<div data-thumb = "https://3c1703fe8d.site.internapcdn.net/newman/csz/news/tmb/2019/smallhornedd.jpg" data-src = "https: //3c1703fe8d.site.internetcdn .net / newman / gfx / news / hires / 2019 / smallhornedd.jpg "data-sub-html =" The artist's rendering of Auroraceratops shows his bipedal posture as well as beak and frill that characterize it as a member of Horned Dinosaurs Paleontologists from Penn led a team that characterizes this species, discovered in China. Credit: Robert Walters ">
Many dinosaur species are known from rare remnants, with some estimates suggesting that 75% are known from five or fewer individuals. Auroraceratop's rugosus was typical in this regard when named in 2005 based on a single skull from the Gobi desert in northwestern China. But that is no longer the case.
Over the next few years, scientists have recovered fossils from over 80 individual Auroraceratops, which means that this small herbivore comes into the path of the most famous dinosaurs. It is now one of the few very early horned dinosaurs known from complete skeletons. In a collection of articles appearing as Memoir 1
8 in the Journal of Vertebrate Paleontology this week, researchers from the University of Pennsylvania, Indiana University of Pennsylvania, describe the Chinese Academy of Sciences, Gansu Agricultural University and other institutions Anatomy, age, conservation and development of this great collection of Auroraceratops.
Their analysis places Auroraceratops, which lived about 115 million years ago, as an early member of the group Ceratopsia or horned dinosaurs, the same group that Triceratops belongs to. In contrast to Triceratops, Auroraceratops is small, about 49 inches long and 44 inches long and weighs on average 34 pounds (15.5 kilos). While Auroraceratops has a short frill and beak that characterizes it as a horned dinosaur, it lacks the "true" horns and extensive cranial decoration of Triceratops.
"When I first saw this animal back in 2004, I immediately knew that it was a new type that had never seen before and was very excited about it," says paleontologist Peter Dodson, senior author at work and professor with appointments at Penn's Veterinary Medicine School. and the College of Arts and Sciences. "This monograph on Auroraceratops is longed for." In 2005, Dodson and his former students honored Hai-Lu You and Matthew Lamanna Auroraceratops (in Latin, "the dawn's horny face") to honor Dodson's wife Dawn Dodson, you, along with Chinese researcher Da-Qing Li, followed both authors of the current work and co-operative up the discovery and identified more than 80 additional examples of the species, from closest hatchlings to adults.
<div data -thumb = "https://3c1703fe8d.site.internapcdn.net/newman/csz/news/tmb/2019/1-smallhornedd.jpg" data-src = "https://3c1703fe8d.site.internapcdn.net/newman /gfx/news/hires/2019/1-smallhornedd.jpg "data-sub-html =" Researchers were fortunate to have a robust set of fossils of Auroraceratops to use to characterize the dinosaur, complete skeletons. More than 80 people of the species have been identified since it was originally named 15 years ago. Credit: Scott Hartman ">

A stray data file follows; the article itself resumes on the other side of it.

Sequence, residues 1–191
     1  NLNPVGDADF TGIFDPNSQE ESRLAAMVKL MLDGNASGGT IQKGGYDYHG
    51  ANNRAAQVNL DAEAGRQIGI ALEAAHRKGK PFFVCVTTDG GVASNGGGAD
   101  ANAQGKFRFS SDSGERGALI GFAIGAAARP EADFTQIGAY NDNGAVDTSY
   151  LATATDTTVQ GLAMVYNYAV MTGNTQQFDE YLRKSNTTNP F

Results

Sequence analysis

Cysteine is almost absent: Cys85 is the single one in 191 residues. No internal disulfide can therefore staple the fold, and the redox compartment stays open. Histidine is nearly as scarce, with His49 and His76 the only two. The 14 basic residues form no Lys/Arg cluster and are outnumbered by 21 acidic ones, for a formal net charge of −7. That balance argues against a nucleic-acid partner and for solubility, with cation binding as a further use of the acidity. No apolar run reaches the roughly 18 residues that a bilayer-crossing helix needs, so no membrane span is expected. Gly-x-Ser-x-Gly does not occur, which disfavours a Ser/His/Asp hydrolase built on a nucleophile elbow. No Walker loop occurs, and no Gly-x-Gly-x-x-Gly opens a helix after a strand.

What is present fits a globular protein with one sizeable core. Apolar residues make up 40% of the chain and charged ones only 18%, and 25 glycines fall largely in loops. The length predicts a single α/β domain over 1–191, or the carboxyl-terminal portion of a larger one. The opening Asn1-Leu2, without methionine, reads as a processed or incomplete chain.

Eric Morschhauser, lead author now at the Faculty of Indiana University of Pennsylvania, completed his Ph.D. during Dodson at Penn, focused on characterizing Auroraaceratops using this robust dataset.
Auroraceratops represents the only horned dinosaur in the group Neoceratopsia (the line leading to and including the great bodily ceratopsians as Triceratops) from the early war with a complete skeleton. This exclusivity is significant, the researchers say, since hornedosaurs turned from being bipedal, as well as their ancestors, to being the great rhino-like quadrupole-like animals most like horned dinosaurs in the latter part of the war.
"Before this study, Morschhauser says," we must rely on Psittacosaurus, a more remote and unusual ceratopsian, for our image of what the last bipedal ceratopsian looked like. "
Aurora Aceratops Preserve Multiple Skeletal Functions , like a curved femur and long thin claws, which are undoubtedly associated with bipedal walking in some dinosaurs. "" It can now give us a better idea of the starting point for the changes between bipedal and quadrupal valeratopsis, "adds Morschhauser.  Peter Dodson is a professor of anatomy at the University of Pennsylvania School of Veterinary Medicine at the Department of Biomedical Sciences and a professor of paleontology at the School of Arts and Sciences and Earth and Environmental Sciences.
Triceratops gets a cousin: Researchers identify another horned dinosaur
Hailu You et al, Introduction of Mazongshan Dinosaur Fauna, Journal of Vertebrate Paleontology (2019). DOI: 10.1080 / 02724634.2017.1396995
University of Pennsylvania
Small horned dinosaur from China, a Triceratop relative, went on two feet (2019, July 12)
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